The withdrawal of one so distinguished from the sphere of practice, left, as in the case of Mr. Pinkney, a void at the bar which Mr. Wirt was destined to supply, in some degree, by the enlargement of his own business. But, as in the former case, a competitor was removed whose great legal skill and various accomplishments had served to exalt the standard of professional excellence in the forum, and thus to demand a more perfect and sustained discipline from those who entered into the friendly and exciting rivalries of intellectual prowess. We shall not find, how

ever, that Mr. Wirt relaxed in any degree, his laborious study or careful preparation for the trials of his vocation. Study and preparation had become the fixed habits of his nature, and, to the last moment of his life, he seems to have been stimulated to his professional efforts by the same eager and ambitious emulation with which he entered upon the contests of his earlier days.

Gilmer had written to him about this time, to ask him to transcribe a speech which he had made on some recent occasion at the bar. This gentleman was then preparing a new edition of his "Sketches of American Orators," and had composed some additional articles for the work, in which he had furnished portraits of some of the most conspicuous gentlemen in Congress, who had not been noticed in the former edition. From considerations of a private, nature, I believe, this new edition was never published.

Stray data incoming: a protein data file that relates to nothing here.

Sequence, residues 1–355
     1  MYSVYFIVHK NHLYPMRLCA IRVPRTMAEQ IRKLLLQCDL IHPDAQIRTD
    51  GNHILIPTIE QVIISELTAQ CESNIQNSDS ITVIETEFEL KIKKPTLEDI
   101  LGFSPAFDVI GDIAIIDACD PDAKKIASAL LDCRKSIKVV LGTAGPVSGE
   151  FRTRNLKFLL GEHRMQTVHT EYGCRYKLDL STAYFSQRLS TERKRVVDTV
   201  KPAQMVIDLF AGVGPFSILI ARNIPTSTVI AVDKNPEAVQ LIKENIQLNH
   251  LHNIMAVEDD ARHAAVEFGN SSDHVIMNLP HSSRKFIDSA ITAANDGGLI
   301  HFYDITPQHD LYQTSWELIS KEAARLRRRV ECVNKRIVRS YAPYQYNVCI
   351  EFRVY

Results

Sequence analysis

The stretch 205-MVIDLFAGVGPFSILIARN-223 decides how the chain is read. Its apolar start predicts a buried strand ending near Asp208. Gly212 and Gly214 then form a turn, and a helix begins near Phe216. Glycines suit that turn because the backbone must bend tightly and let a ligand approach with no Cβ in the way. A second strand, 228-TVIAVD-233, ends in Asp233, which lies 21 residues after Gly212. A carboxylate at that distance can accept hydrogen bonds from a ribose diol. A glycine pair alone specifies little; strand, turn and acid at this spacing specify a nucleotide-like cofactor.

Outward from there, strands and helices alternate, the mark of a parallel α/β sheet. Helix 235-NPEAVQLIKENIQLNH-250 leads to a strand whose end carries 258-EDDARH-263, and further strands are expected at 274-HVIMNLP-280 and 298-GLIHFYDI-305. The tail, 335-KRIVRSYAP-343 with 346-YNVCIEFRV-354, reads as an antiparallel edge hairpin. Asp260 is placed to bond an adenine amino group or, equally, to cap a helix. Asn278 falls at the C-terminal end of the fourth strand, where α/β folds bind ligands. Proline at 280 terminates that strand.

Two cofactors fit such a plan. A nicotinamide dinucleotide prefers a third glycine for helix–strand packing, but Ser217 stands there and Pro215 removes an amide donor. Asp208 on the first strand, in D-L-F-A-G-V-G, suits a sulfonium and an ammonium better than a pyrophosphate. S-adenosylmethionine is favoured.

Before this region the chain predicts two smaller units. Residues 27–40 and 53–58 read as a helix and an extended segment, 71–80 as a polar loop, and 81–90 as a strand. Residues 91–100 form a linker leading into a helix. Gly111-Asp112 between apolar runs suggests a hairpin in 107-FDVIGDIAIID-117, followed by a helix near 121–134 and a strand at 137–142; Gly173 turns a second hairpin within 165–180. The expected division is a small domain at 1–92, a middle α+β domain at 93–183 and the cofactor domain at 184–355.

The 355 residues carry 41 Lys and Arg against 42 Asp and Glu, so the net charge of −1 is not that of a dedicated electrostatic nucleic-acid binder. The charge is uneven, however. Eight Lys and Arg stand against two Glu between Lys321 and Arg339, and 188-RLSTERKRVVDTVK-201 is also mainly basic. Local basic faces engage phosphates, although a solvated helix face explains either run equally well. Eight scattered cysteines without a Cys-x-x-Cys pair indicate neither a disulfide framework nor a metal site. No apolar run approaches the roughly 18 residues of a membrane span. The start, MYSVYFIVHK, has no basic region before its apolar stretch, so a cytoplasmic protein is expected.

Mr. Wirt's reply to the letter, asking for this contribution, contains some suggestions in regard to the writing out of speeches, which will explain how he himself, at least, comes to be in danger of a short report with posterity upon this point:


WASHINGTON, April 2, 1825.

"You are to understand that I have two objections to writing out my arguments. The first and most operative one is, that I am too lazy. But this I could overcome if I could persuade myself that the play was worth the candle. That it is not, is the second objection.

"The truth is, I am so overworked from September to April, and from the last of April till the middle of July, that I am glad enough to find 'a time for frighted peace to pant, and breathe short winded accents of new broils.' The interval that comes to enable me to stretch my limbs, and say,- now, soul, take thine ease,'-is so sweet that I cannot persuade myself to violate it by tasking myself to a new effort, which, perchance, may, after all, do more harm than good.

"When Fame is in a good humor she makes merrier work with her trumpet than vestal Truth would do. Is it my business, according to the law of evidence, to bear testimony against myself? If